Marton Mills


There are a number of high-profile mills in Scotland known for tartan, including D.C. Dalgliesh, Lochcarron, and House of Edgar. When you start sourcing tartan for kiltmaking, especially a traditional 8 yard, knife-pleated kilt, you quickly see where much of the cost of a fine kilt goes; it tends to be pricey!

One alternate material used in less expensive kilts is poly-viscose (often referred to as PV), a polyester-rayon blend. The main producer of poly-viscose tartan fabric is Marton Mills, who are located in England. Their website is a bit confusing (especially at the time of this post; it appears to be broken) and they do not have an online store front, but they do indeed do retail sales in small quantities. Their prices are very affordable, great for a beginner. You’ll need to contact them to request a price sheet. The three fabric ranges to browse on their site (when it’s working again) are Balmoral (10-11oz. poly-viscose), Bute (13oz wool) and Jura (16oz wool). Their selection is smaller than some of the other mills, but decent. From what I understand, sometimes their fabric will come with a tuck-in selvage, and others it will need to be hemmed.

Armed with a bit of Christmas money, I decided to place an order with Marton Mills for fabric for my first tartan kilt. I called using Google Voice; only $0.02 per minute to the UK. Very good customer service, and now the waiting begins. Hopefully I’ll have finished the black practice kilt by the time it arrives.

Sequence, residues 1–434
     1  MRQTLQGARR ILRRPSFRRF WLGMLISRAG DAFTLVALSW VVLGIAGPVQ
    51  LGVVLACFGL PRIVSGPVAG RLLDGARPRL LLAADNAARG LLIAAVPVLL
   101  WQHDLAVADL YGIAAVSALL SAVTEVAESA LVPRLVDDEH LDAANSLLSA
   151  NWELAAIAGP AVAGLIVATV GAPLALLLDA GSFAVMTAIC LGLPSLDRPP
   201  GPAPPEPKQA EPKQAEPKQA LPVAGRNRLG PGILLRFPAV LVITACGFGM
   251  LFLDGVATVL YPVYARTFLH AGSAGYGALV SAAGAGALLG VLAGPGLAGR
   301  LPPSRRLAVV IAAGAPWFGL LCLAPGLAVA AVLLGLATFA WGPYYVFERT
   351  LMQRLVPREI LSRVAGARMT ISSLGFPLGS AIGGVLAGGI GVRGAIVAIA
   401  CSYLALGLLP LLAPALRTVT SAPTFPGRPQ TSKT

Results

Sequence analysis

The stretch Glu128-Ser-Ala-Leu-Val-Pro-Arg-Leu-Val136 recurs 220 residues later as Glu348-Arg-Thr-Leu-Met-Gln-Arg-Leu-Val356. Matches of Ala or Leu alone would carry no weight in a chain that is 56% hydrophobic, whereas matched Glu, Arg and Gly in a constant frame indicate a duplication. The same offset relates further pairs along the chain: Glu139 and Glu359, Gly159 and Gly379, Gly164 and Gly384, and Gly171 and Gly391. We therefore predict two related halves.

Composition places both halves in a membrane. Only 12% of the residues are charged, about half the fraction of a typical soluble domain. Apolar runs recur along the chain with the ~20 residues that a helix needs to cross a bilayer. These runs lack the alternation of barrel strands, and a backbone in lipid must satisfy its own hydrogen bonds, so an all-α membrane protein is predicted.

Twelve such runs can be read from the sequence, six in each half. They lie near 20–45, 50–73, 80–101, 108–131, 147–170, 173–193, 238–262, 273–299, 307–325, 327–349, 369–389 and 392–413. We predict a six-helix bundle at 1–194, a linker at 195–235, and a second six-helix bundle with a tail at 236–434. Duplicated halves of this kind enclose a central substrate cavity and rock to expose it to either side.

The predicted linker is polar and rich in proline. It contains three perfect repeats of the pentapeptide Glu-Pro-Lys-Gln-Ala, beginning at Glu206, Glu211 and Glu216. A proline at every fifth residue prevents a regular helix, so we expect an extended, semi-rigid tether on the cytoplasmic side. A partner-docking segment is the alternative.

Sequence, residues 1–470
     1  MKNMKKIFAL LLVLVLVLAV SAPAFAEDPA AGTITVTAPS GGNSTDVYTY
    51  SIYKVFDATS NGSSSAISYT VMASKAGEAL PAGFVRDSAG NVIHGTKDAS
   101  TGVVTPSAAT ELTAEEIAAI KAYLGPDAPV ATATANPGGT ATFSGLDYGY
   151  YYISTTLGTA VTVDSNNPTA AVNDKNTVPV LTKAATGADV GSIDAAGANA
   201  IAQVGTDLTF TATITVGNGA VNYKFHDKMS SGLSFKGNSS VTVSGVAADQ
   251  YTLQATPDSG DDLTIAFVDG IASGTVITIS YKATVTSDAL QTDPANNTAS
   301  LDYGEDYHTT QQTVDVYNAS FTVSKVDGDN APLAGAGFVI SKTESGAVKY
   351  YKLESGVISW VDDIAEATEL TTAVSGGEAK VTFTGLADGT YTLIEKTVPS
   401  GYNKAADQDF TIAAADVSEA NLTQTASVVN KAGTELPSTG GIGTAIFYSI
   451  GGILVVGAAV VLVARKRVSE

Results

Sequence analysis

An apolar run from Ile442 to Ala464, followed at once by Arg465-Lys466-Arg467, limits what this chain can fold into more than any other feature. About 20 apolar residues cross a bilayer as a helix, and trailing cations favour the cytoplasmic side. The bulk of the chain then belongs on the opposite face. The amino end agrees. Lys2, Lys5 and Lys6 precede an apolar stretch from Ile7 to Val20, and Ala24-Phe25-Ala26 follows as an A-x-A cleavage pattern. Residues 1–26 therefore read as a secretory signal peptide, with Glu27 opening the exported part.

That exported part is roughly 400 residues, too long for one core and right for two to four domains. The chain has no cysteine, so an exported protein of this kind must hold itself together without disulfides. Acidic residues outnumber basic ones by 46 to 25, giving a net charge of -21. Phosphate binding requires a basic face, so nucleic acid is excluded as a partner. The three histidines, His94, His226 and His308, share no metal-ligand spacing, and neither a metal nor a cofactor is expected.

The tartan? Murray of Atholl Ancient:

Murray of Atholl Ancient Tartan

They don’t have the Munro red tartan, and I really wanted something a little less common than Munro hunting (which is Black Watch) so rather than choose a “universal” tartan such as one of the Stewarts, Holyrood, or Caledonia I chose a tartan which is also affiliated with the town of Athol, Massachusetts. I am currently the Senior Warden of North Quabbin Lodge, A.F. & A.M. in Athol, and both the Lodge and the town a history of amity with the Duke of Atholl. The Duke and his Highlanders have visited the town multiple times over the years, and in 1904 he presented the lodge with a gavel that’s still in our possession. 2012 marks the town’s 250th anniversary and will also probably mark the year I’m installed as Master of the lodge; given the convergence of this kiltmaking obsession, the anniversary of the town, and the Scottish roots of Freemasonry it seemed proper.

I splurged a bit and went for the Jura 16oz wool for the kilt, plus a smaller amount in poly-viscose for a bias-cut waistcoat.